ESPN’s release of the highly-anticipated documentary “The Last Dance,” chronicling Michael Jordan and his career with the Chicago Bulls in the 1980’s and the 1990’s, has created inadvertent byproduct: reigniting the often fierce debate among NBA fans as to whether Michael Jordan or LeBron James is the NBA’s “Greatest of All Time” (GOAT).
It is the position of us here at TheSportsDrop that Jordan is the unquestioned “GOAT.” But even we have to acknowledge that the supporters of LeBron James have their argument – with the caveat that some are better than others.
What are those arguments, and which one of them ends this debate once and for all? Take a look for yourself.
Michael Jordan Won All Six Championships With The Team That Drafted Him
After Michael Jordan was selected with the 3rd overall pick in the 1984 NBA Draft, he was heading to a Chicago Bulls franchise that had never made it to an NBA Finals. Having any hope of winning an NBA title meant he’d have to go through three of the greatest dynasties in NBA history, in the Boston Celtics, Los Angeles Lakers, and Detroit Pistons’ teams of the 1980’s. But when it was all said and done, Jordan brought back six NBA Championships to Chicago.
He never quit on his teammates in the Eastern Conference Finals. He didn’t have to leave town and join up with his All-Star buddies to win a title. Instead, he took his beatings, licked his wounds, and worked harder than anyone in NBA history to reach the top of the basketball mountain.
LeBron James Is One Of The Most Gifted Passers Of All Time
In the 2003 commercial for his custom Nike Air Zoom Generation shoes (most commonly referred to as the LeBron 1), the late comedian Bernie Mac tells the assembled basketball congregation how “the soul of the game” blessed LeBron James with the gift of court vision.
Even as NBA scouts tried to poke holes in the skillset presented by James when he was still a kid in high school, everyone recognized the fact that his passing ability (and court vision) alone could propel him to being an All-Star player in the NBA. Throughout his career, James ability to dish the ball to teammates in so many different ways could be even more impressive than any of his other statistical accomplishments.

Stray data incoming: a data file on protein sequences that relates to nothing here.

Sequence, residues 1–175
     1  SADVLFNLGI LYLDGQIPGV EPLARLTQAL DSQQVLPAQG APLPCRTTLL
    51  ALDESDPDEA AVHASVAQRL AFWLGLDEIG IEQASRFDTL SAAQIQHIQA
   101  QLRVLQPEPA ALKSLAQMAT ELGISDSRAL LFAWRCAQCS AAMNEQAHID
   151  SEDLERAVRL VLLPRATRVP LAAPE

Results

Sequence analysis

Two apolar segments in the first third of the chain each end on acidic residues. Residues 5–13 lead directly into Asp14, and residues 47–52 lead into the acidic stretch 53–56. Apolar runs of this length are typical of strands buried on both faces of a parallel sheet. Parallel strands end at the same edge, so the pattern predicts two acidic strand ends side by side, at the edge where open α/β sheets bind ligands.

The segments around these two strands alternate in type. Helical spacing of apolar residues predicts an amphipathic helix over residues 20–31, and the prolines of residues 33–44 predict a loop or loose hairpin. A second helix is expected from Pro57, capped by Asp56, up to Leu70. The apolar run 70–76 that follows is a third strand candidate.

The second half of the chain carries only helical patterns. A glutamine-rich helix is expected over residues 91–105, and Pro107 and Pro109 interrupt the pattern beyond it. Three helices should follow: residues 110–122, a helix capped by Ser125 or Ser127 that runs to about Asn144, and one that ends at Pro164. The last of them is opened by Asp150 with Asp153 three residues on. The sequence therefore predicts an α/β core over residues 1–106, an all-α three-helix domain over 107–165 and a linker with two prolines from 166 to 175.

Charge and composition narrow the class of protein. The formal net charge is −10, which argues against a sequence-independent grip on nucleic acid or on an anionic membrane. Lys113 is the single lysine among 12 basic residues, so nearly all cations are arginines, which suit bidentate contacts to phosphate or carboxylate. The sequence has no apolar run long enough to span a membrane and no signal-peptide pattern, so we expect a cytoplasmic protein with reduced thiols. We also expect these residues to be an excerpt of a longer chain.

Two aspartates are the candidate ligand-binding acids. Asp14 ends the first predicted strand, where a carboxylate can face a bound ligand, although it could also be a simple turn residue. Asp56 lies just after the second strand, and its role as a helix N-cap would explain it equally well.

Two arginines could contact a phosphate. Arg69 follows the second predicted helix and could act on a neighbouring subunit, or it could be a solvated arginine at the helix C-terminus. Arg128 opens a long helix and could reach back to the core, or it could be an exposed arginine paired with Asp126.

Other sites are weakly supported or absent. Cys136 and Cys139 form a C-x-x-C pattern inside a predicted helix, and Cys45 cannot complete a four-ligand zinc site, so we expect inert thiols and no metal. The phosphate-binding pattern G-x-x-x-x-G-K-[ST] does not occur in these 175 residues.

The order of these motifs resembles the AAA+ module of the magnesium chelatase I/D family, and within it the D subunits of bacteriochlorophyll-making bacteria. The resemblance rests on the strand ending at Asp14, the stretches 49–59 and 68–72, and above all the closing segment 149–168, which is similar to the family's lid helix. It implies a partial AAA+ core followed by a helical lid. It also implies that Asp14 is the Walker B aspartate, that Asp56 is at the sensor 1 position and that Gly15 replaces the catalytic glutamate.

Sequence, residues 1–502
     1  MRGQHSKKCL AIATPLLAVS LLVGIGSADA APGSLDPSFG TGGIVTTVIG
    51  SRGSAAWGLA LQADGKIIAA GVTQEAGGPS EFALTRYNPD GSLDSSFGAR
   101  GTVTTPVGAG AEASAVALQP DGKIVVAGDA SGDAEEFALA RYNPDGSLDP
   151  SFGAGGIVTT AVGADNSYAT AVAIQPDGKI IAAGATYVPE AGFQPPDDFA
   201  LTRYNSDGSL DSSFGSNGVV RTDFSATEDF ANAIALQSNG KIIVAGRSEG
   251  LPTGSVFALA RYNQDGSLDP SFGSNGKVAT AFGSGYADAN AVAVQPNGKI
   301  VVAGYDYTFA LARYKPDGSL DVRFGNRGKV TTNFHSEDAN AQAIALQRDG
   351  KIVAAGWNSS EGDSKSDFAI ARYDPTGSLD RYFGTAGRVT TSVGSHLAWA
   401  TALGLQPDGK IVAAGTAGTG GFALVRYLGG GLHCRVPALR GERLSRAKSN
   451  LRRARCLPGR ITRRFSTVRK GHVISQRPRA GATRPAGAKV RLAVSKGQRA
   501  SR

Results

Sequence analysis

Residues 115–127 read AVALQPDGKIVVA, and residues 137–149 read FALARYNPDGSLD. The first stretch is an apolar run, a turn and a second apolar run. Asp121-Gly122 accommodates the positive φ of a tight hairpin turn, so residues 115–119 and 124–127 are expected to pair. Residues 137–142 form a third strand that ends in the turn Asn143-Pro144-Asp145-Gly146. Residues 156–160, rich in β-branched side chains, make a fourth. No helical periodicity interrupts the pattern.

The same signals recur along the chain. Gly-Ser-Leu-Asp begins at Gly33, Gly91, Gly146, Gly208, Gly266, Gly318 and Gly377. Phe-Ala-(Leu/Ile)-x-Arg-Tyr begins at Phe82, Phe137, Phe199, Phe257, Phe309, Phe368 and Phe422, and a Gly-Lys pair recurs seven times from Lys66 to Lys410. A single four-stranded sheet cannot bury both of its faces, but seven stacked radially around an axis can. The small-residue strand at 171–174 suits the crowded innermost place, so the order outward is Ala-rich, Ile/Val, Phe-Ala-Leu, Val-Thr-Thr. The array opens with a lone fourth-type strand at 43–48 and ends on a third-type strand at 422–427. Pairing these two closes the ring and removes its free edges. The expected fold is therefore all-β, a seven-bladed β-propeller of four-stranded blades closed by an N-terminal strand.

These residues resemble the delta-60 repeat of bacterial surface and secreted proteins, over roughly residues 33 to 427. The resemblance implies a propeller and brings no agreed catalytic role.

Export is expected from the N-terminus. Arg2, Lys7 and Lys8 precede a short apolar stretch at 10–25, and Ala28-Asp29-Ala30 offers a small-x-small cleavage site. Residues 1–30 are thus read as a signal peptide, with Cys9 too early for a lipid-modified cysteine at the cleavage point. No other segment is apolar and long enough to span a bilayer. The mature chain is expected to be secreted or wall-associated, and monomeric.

Michael Jordan Was Consistently One Of The Best Defenders In The NBA
Amidst all of his incredible attributes and accomplishments, we tend to overlook the fact Michael Jordan was one of the greatest one-on-one defenders of the past few decades. Jordan was named a First-Team All-NBA selection nine times during his career, which is tied for the 6th-most selections in NBA history.
Jordan actually led the league three different times in steals per game, and his career-average of 2.35 steals per game is actually the 4th-highest in NBA history. Considering how much of the scoring load that he was asked to take on offense, the fact that he would devote this much energy on defense is almost unimaginable.
LeBron James Ushered In The Player Empowerment Era
For better or for worse, LeBron James changed the entire “power structure” between NBA franchises and professional basketball players.
James’ formation of the Miami Heat super-team of the early 2010’s, the moves to bring Anthony Davis to the Los Angeles Lakers, and even to ensure Kevin Love was traded to the Cleveland Cavaliers illustrate how he almost singlehandedly shifted the dynamics between NBA franchises having power over their players (exemplified by Chicago Bulls’ General Manager Jerry Krause breaking up the greatest dynasty in NBA history) to current players dictating both their own professional destinies, and those of NBA franchises as well.
Michael Jordan’s Unapologetically Destroyed His Competitors
There are literally countless stories of opposing NBA players making the terrible mistake of trying to talk trash between or during games against Michael Jordan, and paying for it by watching Jordan proceed to annihilate both the opposing player and his team. The old-timers say it all the time, because it’s true: Jordan garners so much respect because Jordan’s sole purpose in his basketball life was to vanquish his opponents.
There’s no universe where Jordan would be photographed smiling and laughing on a banana boat with Charles Barkley and Patrick Ewing, or scheming up ways to join forces with guys like Isiah Thomas or Clyde Drexler.
LeBron James’ Accomplishments Came Against Better Opponents
Michael Jordan might’ve exhibited the basketball equivalent of homicidal tendencies when playing against his peers, but there are many who’ll argue that he played against a level of talent that was far below what LeBron James has faced throughout his career.
There’s little question that James’ arrival into the NBA was part of an almost unprecedented “talent boom,” with many of his contemporaries likely to be ranked among the game’s greatest players when it’s all said and done. And he didn’t just beat individual players, exclusively; don’t forget that James’ led the Cleveland Cavaliers to an NBA title over the Golden State Warriors team that won an NBA record 73 regular season games.
Michael Jordan Has A Countless Number Of Clutch Performances
The number, variety, and significance of Michael Jordan’s performances in the clutch could fill a library by themselves.
From the game-winner in the 1982 NCAA Championship against Georgetown to the shot over Craig Ehlo in the first round of the 1989 Eastern Conference Playoffs to the 38 points in the “Flu Game” in Game 5 of the 1997 NBA Finals to the shot over Byron Russell in Game 6 of the 1998 NBA Finals, no past or present NBA player would ever dispute the fact that Jordan was the last person they would ever want to see with the ball in his hands, in a “final shot to win the game” scenario.